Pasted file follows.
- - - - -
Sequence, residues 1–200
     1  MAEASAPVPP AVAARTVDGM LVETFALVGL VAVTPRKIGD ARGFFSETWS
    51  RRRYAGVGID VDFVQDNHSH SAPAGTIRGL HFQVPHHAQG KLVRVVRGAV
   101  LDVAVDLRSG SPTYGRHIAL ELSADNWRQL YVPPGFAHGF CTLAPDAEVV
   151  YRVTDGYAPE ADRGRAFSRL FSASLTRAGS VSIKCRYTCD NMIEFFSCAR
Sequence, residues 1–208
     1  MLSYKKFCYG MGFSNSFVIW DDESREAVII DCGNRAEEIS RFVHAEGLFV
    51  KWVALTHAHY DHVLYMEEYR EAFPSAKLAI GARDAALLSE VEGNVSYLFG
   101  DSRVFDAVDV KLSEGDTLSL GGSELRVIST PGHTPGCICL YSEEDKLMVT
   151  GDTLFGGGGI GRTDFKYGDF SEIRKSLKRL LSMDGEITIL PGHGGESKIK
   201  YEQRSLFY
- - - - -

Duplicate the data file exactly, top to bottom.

Sequence, residues 1–200
     1  MAEASAPVPP AVAARTVDGM LVETFALVGL VAVTPRKIGD ARGFFSETWS
    51  RRRYAGVGID VDFVQDNHSH SAPAGTIRGL HFQVPHHAQG KLVRVVRGAV
   101  LDVAVDLRSG SPTYGRHIAL ELSADNWRQL YVPPGFAHGF CTLAPDAEVV
   151  YRVTDGYAPE ADRGRAFSRL FSASLTRAGS VSIKCRYTCD NMIEFFSCAR
Sequence, residues 1–208
     1  MLSYKKFCYG MGFSNSFVIW DDESREAVII DCGNRAEEIS RFVHAEGLFV
    51  KWVALTHAHY DHVLYMEEYR EAFPSAKLAI GARDAALLSE VEGNVSYLFG
   101  DSRVFDAVDV KLSEGDTLSL GGSELRVIST PGHTPGCICL YSEEDKLMVT
   151  GDTLFGGGGI GRTDFKYGDF SEIRKSLKRL LSMDGEITIL PGHGGESKIK
   201  YEQRSLFY